WHETHER you’re rolling in over St Patrick’s Bridge of an evening or wandering down Washington Street with the setting sun behind you, the city is before you and around you.
Which begs an obvious question. Are we too close to the city to appreciate it?
How can we take the necessary step back to evaluate it or — harder again — to see it as new, to experience the cityscape as though coming to it for the first time?
Because nothing comes between me and my search for the truth, I thought I’d ask Ana Kinsella about this. Author of a new book, Look Here, and purveyor of the excellent London Review of Looks newsletter (https://tinyletter.com/londonreviewoflooks), who better to analyse our relationship with cities?
The Dublin native, who’s lived in London for 10 years, pointed first to the city’s citizens:
“I realised during lockdown and covid that a lot of the energy of the city came from people being around, and the spontaneous way we interact with each other and pass through each others’ lives on a daily basis without even thinking about it.”
As Kinsella sees it, lockdown brought many of us face to face with the most basic questions about a city’s purpose.
“During lockdown, a lot of people were talking about the value of cities, and saying ‘if I can’t access all the professional benefits and cultural benefits of living in a city while in lockdown then what’s the point in living in a city at all?’.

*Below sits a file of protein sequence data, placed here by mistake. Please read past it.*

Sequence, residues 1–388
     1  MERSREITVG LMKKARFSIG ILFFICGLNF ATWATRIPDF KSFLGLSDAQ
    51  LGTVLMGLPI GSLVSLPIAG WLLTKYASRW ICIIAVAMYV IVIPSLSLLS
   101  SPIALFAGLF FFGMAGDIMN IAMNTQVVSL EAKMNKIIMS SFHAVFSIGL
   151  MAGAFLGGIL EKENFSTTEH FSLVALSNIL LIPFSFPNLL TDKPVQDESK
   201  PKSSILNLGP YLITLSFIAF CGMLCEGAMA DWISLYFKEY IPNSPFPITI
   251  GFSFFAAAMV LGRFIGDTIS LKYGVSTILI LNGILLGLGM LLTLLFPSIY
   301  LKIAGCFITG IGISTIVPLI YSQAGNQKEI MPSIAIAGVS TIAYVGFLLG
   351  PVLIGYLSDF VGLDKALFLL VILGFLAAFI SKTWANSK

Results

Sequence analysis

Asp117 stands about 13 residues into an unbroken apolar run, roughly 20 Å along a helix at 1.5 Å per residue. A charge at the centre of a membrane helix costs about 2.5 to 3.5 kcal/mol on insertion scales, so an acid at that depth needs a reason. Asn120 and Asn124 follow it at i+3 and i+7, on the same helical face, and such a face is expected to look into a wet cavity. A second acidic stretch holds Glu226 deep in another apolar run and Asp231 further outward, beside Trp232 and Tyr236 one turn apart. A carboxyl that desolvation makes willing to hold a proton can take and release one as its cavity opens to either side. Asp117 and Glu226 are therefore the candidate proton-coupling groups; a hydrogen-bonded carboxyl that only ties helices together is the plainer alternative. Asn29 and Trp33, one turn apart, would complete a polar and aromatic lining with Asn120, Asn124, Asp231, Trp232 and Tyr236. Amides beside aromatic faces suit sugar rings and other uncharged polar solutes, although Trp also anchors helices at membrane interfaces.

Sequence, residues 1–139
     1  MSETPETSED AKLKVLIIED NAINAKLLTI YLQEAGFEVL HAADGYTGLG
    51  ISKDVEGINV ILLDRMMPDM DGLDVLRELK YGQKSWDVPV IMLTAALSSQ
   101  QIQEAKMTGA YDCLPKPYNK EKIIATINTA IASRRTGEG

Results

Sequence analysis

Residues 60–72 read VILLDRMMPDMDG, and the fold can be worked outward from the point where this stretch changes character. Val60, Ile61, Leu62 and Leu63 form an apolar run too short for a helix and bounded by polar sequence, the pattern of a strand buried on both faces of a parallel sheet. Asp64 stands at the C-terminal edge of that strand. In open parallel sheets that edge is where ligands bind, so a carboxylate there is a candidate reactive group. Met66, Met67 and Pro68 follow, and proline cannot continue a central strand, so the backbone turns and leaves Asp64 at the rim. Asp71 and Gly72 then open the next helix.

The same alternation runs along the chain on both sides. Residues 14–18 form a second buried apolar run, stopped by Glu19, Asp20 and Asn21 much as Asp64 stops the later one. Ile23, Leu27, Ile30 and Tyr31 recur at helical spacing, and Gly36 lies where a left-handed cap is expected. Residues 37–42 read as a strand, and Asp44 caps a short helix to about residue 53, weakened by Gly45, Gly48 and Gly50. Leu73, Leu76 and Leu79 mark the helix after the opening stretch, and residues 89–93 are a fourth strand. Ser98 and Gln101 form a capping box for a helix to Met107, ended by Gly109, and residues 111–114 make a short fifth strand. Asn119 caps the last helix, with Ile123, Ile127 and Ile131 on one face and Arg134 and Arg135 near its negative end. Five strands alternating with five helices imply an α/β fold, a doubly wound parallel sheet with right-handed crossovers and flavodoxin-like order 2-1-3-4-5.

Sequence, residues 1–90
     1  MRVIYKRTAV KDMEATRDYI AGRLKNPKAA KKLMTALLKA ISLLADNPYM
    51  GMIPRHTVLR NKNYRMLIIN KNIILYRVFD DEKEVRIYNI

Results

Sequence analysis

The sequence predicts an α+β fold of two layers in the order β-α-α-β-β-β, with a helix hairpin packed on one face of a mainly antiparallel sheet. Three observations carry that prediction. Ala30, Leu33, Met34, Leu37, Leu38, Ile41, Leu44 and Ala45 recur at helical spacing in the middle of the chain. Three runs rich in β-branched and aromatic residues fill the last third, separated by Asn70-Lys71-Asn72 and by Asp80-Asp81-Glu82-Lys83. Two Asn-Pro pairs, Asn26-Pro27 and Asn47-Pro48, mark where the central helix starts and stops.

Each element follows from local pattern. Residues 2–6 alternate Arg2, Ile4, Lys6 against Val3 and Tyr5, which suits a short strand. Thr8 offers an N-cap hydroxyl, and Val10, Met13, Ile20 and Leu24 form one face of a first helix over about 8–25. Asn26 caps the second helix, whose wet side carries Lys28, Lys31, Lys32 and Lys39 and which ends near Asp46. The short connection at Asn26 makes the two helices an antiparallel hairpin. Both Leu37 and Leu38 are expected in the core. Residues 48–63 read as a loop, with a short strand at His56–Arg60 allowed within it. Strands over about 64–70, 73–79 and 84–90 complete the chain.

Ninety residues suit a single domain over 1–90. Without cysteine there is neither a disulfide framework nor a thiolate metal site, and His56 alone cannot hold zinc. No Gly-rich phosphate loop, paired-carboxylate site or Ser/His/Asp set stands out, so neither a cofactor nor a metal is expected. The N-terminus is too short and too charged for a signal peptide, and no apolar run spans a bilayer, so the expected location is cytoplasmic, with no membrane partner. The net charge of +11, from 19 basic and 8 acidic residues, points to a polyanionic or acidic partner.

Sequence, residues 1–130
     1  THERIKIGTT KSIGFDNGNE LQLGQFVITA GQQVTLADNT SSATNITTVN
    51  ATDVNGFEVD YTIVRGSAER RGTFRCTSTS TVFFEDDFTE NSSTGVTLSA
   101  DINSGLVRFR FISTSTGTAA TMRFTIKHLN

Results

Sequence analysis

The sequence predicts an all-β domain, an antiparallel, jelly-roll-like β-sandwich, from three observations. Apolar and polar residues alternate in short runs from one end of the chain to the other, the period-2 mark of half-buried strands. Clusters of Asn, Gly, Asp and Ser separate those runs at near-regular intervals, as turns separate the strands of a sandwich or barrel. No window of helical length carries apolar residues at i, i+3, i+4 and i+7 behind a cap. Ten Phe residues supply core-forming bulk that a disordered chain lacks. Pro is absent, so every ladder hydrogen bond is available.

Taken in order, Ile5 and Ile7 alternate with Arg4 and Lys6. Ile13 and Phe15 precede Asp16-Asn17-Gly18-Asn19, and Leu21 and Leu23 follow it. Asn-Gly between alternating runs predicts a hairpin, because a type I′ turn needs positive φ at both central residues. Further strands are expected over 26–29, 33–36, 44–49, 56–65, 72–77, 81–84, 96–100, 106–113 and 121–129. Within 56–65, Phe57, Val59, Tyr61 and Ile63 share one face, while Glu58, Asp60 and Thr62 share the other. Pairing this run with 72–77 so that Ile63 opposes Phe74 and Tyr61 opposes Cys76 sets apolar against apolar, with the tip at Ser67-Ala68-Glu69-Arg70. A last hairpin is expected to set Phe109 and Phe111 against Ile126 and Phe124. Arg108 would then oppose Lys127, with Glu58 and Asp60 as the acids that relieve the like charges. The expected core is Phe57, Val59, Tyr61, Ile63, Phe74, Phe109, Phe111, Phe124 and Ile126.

“And I realised it was more than that, it was more about the energy that comes from having so many people living near each other — not knowing each other, necessarily, but sharing a space and a life together, in a way.
I’d been observing people for some time before lockdown because I started my career as a fashion journalist and was always interested in how people presented themselves.
“It was something I really enjoyed about living in London, the opportunity to see so many people presenting themselves in so many different ways, and living so many different lives.
“That really appealed to me and when those things converged during lockdown I started writing my book, which is made up in part of direct observations of particular parts of the city, while other parts are more digressive, about different topics related to living in the city and to the different kinds of people you see in a city like London.”
For many of us, city life can be a double-edged sword. There’s stimulation and variety but there can be dirt, noise, crime ... dare I say it, other people.
To be fair to Kinsella, she acknowledges that not every day is a festival of discovery no matter what city you live in.
“I’ve always been very happy to have that experience of being inside the city but also being a slight outsider in that you’re watching what’s going on.
“That kind of dichotomy can be what doesn’t appeal to people, too — people who visit somewhere like London can find that it’s cold and that people don’t talk to each other, so the thing that I enjoy and find energising and exciting, the level of anonymity in a place, is something that others don’t find to be positive.